10 Bulletproof Plants

These 10 plants don’t just make your garden gorgeous — they’re also surprisingly easy to grow.
By: Karin Beuerlein
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Photo By: Image courtesy of Monrovia.

Photo By: Image courtesy of Monrovia

Photo By: Image courtesy of Monrovia.

Photo By: Image courtesy of Monrovia

Photo By: Image courtesy of Monrovia.

Photo By: Image courtesy of Monrovia.

Photo By: Image courtesy of Monrovia.

Photo By: Image courtesy of Monrovia.

Photo By: Image courtesy of Monrovia.

Photo By: Image courtesy of Monrovia.

Butterfly Bush (Buddleia Lo and Behold® ‘Blue Chip’) Zones 5–9

Buddleias are easy-care plants, but they’re invasive in some areas. Look for sterile cultivars ‘Blue Chip’ (shown) and ‘Purple Haze,’ which don’t set seed and therefore don’t run wild. “They’re shorter and more compact, and because they’re sterile they have a much longer flowering season,” Staddon says. “Get them going in the garden and they’ll quietly take care of themselves.”

Flower Carpet® Groundcover Rose (Rosa cultivars) Zones 5–10

If you’ve skipped growing roses because the very thought of pruning and fighting leaf spot makes you too tired to go outside, your dreams have come true. Flower Carpet® roses are a groundcover alternative to fussier rose varieties — disease-resistant, drought-tolerant and unintimidating, they’re guaranteed to come in a color you love. “There’s no special way to prune them,” Staddon says. “Even if you take a pair of shears to them in the middle of the growing season, you’ll have new buds in 20 to 25 days.”

Katrina® African Iris (Dietes x 'NolaAlba') Zones 8–11

African iris is a true beauty — but one that gives gardeners fits because it tends to succumb to crown rot in areas with high humidity and heavy soils. Until there was Katrina®, that is, an exotic-looking variety that tolerates these problems gracefully and flowers over a very long season. The clean bloom outlines and strappy foliage fit well in both traditional and contemporary garden schemes.

Itoh Peony (Paeonia ‘Keiko’) Zones 4–9

Itoh peonies, which are crosses between herbaceous peonies and tree peonies, grow well over a wide range of climates and feature stunning foliage, giant blooms and a bounty of available colors. “I have come to be an enormous fan of them,” says Nicholas Staddon, the director of new plants for plant breeder Monrovia. “The flowers are to die for. People think they’re hard to grow, but it’s absolutely not the case — peonies outlive most of us. When you’re pushing up daisies, your peonies will still be pushing up blooms.” All they need is a good organic mulch and you’re off to the races.

Beesia (Beesia deltophylla) Zones 6–8

This groundcover grows about 18 inches high and is perfect for dappled shade. But its best attribute is its heart-shaped gunmetal blue foliage, which is offset by masses of snow-white flowers in spring. “The color is just striking,” Staddon says. “Plus this plant is very easily maintained and not at all invasive.”

Red-Flowered Yucca (Hesperaloe parviflora ‘Perpa’) Zones 5–10

This drought-tolerant favorite is a showstopper, shooting up six-foot red flower spikes over succulent blue-gray foliage. “This plant does fabulously well in high heat and is unbelievably hardy,” Staddon says. “It establishes itself quickly and can double its size in a year.” The new cultivar Brakelights® features blood-red blooms rather than the traditional coral red and attracts droves of hummingbirds and butterflies.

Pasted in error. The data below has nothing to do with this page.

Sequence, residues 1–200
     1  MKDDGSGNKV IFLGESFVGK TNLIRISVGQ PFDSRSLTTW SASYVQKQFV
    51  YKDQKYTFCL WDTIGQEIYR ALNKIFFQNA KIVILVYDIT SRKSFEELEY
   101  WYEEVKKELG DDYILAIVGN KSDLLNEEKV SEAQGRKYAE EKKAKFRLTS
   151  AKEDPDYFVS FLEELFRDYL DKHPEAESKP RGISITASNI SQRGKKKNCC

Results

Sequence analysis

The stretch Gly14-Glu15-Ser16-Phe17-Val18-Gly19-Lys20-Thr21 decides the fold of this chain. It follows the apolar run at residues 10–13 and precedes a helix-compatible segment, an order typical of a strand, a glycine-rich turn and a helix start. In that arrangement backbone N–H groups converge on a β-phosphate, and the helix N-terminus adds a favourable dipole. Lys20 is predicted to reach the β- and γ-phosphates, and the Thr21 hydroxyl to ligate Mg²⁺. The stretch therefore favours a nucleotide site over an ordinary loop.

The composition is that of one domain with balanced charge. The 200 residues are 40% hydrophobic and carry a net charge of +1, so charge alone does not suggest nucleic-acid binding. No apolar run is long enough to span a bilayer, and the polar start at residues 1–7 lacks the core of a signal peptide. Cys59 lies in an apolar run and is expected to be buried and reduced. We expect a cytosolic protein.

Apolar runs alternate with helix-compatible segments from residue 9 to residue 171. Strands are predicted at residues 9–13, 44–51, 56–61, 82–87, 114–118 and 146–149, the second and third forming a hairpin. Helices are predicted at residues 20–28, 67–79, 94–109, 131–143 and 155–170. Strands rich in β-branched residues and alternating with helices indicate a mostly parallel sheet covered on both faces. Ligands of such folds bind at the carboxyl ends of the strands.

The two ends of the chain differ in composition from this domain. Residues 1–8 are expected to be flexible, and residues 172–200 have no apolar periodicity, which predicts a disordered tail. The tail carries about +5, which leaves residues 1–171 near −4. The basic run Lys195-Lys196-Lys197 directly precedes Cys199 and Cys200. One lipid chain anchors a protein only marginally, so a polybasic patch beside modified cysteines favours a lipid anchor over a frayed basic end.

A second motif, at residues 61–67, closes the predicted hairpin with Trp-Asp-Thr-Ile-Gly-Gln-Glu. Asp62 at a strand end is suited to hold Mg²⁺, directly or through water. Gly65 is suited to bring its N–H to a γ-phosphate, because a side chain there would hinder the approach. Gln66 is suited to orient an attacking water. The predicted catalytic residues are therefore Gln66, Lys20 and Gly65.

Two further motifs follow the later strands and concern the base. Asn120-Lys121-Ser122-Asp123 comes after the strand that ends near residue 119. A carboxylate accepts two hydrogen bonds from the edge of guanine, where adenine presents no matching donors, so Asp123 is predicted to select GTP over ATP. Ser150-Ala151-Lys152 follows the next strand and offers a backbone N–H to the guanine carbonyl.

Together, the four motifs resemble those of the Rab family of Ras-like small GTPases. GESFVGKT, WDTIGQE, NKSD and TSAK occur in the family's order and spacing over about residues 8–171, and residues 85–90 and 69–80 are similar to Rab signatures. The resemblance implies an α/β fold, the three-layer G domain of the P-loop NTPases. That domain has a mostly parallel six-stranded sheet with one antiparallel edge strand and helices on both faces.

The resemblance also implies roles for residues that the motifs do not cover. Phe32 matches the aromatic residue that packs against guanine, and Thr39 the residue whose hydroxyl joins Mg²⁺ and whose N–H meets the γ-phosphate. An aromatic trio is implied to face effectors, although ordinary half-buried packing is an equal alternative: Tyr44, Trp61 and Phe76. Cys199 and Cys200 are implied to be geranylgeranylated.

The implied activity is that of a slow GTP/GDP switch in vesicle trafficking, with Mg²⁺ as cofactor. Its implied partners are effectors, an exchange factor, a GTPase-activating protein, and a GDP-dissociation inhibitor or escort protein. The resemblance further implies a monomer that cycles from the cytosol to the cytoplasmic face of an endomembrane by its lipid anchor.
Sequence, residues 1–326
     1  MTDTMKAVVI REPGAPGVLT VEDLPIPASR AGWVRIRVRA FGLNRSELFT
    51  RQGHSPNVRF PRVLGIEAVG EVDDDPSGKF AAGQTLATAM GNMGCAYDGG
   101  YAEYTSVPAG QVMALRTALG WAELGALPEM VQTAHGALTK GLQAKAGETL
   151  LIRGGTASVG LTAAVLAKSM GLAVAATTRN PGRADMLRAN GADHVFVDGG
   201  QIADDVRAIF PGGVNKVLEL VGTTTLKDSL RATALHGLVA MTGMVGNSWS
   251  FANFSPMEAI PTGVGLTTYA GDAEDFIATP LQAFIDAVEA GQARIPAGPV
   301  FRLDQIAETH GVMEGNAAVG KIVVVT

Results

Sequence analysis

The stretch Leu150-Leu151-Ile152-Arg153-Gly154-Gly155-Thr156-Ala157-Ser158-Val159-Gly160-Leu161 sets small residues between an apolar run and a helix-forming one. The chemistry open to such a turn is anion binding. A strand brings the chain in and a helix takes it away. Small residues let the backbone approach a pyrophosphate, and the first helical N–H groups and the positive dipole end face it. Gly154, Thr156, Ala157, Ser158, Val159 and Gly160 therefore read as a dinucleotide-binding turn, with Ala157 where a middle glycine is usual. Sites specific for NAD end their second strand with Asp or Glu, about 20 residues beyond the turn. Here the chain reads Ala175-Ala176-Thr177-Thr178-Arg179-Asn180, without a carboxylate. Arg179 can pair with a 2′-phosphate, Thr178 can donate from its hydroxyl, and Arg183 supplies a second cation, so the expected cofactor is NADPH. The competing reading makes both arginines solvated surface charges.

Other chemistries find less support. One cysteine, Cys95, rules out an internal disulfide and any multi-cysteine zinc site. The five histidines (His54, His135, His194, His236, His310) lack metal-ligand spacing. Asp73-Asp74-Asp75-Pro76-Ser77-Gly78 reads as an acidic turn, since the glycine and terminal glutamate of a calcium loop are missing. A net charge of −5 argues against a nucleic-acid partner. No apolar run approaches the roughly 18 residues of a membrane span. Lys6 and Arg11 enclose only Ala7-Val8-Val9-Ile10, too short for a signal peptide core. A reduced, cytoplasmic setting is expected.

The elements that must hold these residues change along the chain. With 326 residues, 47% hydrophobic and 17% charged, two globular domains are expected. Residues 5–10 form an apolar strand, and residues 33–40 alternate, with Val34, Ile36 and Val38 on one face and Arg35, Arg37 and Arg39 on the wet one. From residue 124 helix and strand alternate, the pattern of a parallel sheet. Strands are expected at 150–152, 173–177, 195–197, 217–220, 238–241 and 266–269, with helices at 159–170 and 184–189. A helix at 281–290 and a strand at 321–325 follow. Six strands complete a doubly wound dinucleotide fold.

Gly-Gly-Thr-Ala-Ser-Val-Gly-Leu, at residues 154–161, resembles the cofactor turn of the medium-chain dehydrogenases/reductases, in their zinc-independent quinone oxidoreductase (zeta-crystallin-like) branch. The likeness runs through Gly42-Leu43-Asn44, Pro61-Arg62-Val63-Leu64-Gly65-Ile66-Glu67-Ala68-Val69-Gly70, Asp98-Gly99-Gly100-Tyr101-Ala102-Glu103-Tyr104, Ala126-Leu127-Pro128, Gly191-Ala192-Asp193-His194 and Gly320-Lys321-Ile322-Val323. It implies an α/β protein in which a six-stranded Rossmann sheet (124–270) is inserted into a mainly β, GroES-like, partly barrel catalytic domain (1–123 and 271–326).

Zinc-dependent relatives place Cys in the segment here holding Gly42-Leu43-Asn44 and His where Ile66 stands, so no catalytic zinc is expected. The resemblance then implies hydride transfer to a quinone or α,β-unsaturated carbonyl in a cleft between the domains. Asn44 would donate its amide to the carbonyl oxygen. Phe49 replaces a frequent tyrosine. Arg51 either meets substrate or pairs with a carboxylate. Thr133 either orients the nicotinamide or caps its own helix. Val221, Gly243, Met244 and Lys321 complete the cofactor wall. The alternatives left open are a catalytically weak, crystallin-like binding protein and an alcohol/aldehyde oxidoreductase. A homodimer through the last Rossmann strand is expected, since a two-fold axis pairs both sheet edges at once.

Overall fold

‘Ivory Prince’ Hellebore/Lenten Rose (Helleborus x hybridus 'Walhelivor') Zones 4–9

More vigorous than other varieties of hellebore, the creamy blooms of ‘Ivory Prince’ signal the end of winter in the woodland garden. What’s more, the plant is practically problem-free. “If you want a hellebore, this is the one to try because you’ll be successful with it,” Staddon says. “It carries the day when it comes to hardiness.”

Midknight Blue® Agapanthus/ Lily of the Nile (Agapanthus x ‘Monmid’) Zones 6–10

If you’ve grown agapanthus before, you may have been frustrated getting these lovely South African natives to flower consistently or to overwinter successfully. “Many people give up,” Staddon says. “But Midknight Blue® is different — if you live in hardiness zones six through ten, you’ll have success with this plant. It establishes itself well, it has a nice deep green fleshy leaf, and the flower color is striking — it’s the deepest blue of any agapanthus.”

Balboa Sunset® Trumpet Vine (Campsis radicans ‘Monbal’) Zones 4–11

This plant wants no babying — no extra fertilizer, no water, no love at all. “I once heard the plantsman Michael Dirr say, ‘If you can’t grow Campsis, you should go and sell shoes,’” Staddon says. Leave this climber to its own devices near a trellis or fence and it will reward you with vigorous growth and a bounty of trumpet-shaped red blooms. (One area’s vigorous vine is another area’s invasive nightmare. Be sure to check with your local extension office before growing trumpet vine.)

Diabolo® Ninebark (Physocarpus opulifolius 'Monlo') Zones 2–7

This is a classic, long-lived garden choice that’s been around for many years, but many gardeners are still unfamiliar with it. “Diabolo® is a great four-season plant,” Staddon says. “She’s got great reddish foliage and will set white flowers in late spring that will turn into berries you can make jellies from. When she loses her leaves you’ve got amber-colored exfoliating bark to look at. And she’s absolutely bulletproof.”